Tongue-Tie in Children: Care Instructions

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The lingual frenulum

Your Care Instructions

In tongue-tie, the tissue that connects the tongue to the bottom of the mouth is too short. This problem often runs in families.

Your child may not be able to fully move his or her tongue. But this may not cause problems. In some cases, the tissue stretches as the child grows. Or it gets used to less movement.

Some children have trouble latching on to the mother's breast to feed. Or they have trouble bottle-feeding. Others have speech and social problems. If your child has bad symptoms, he or she may need surgery to loosen the tissue.

Follow-up care is a key part of your child's treatment and safety. Be sure to make and go to all appointments, and call your doctor or nurse call line if your child is having problems. It's also a good idea to know your child's test results and keep a list of the medicines your child takes.

How can you care for your child at home?

  • If you are breastfeeding your baby, talk with your doctor to learn how to help your baby latch on and suck well. You also will want to be sure that your baby is getting enough milk and growing well.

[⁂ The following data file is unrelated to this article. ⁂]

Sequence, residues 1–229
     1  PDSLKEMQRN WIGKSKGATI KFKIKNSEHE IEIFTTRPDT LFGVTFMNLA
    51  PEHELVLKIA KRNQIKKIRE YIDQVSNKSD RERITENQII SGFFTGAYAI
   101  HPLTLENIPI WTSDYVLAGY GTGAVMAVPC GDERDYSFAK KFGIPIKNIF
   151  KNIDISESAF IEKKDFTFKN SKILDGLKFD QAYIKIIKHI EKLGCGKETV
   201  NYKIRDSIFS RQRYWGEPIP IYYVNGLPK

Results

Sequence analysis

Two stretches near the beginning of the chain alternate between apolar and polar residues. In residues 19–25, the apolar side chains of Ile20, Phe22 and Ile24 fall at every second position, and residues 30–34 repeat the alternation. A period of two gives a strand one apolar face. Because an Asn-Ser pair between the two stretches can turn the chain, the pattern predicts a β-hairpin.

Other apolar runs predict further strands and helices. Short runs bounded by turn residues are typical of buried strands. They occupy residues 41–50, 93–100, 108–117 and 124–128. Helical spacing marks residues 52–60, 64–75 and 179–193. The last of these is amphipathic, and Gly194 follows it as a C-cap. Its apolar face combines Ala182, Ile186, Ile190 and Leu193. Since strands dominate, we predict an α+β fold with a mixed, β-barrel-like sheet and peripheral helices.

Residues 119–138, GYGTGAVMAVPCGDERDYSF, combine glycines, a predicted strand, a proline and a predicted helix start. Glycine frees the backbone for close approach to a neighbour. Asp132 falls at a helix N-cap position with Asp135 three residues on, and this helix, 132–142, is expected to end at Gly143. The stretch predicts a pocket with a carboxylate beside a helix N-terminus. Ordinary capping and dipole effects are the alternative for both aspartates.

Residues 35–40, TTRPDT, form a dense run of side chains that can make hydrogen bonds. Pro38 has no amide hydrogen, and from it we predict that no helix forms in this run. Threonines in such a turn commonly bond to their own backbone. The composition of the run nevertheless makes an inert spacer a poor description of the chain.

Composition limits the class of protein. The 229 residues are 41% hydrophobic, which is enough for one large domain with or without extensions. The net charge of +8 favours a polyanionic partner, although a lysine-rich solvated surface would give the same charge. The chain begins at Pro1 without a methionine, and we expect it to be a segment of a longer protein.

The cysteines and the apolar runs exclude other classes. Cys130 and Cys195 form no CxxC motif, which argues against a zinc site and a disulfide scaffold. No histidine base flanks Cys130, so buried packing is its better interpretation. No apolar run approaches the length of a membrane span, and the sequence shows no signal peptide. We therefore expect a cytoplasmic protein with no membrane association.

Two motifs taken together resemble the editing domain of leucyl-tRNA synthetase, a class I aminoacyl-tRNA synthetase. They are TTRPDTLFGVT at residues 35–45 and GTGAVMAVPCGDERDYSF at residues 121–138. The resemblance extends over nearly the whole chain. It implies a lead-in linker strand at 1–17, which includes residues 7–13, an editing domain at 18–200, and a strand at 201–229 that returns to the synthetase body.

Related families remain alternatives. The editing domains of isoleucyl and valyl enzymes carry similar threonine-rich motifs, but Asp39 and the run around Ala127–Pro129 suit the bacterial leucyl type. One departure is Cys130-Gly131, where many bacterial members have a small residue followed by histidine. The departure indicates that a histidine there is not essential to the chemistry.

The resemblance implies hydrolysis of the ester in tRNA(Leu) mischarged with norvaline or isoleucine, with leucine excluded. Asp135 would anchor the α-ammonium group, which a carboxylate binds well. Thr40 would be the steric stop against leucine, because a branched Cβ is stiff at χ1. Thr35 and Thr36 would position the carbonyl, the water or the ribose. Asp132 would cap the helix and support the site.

• If your child has speech problems, ask your doctor about speech therapy.
  • If the speech problem is caused by tongue-tie, you may want to think about surgery to loosen the tongue.

After surgery

  • After surgery, your child's tongue may bleed a little. You can give your child acetaminophen (Tylenol) for any discomfort.
  • Do not give your child two or more pain medicines at the same time unless the doctor told you to. Many pain medicines have acetaminophen, which is Tylenol. Too much acetaminophen (Tylenol) can be harmful.
  • If your child has a more complicated surgery, he or she will have stitches under the tongue. Your child may need to do some tongue exercises many times a day for 4 to 6 weeks. These will help improve tongue movement. And they will prevent scar tissue.

When should you call for help?

Call 911 anytime you think your child may need emergency care. For example, call if:

  • Your child had surgery and has a lot of bleeding.

Call your doctor or nurse call line now or seek immediate medical care if:

  • Your child had surgery and has signs of infection, such as:
    • Increased pain, swelling, warmth, or redness.
    • Red streaks leading from the cut (incision).
    • Pus draining from the cut.
    • A fever.

Watch closely for changes in your child's health, and be sure to contact your doctor or nurse call line if:

  • You think your child needs surgery to fix tongue-tie. Surgery may be needed if tongue-tie causes:
    • Latching on and sucking problems in your breastfed baby.
    • Difficulty making the t, d, z, s, th, l, and n sounds as your child learns to speak.
    • Personal or social problems. For example, other children may tease your child at school.
  • Your child does not get better as expected.

Where can you learn more?

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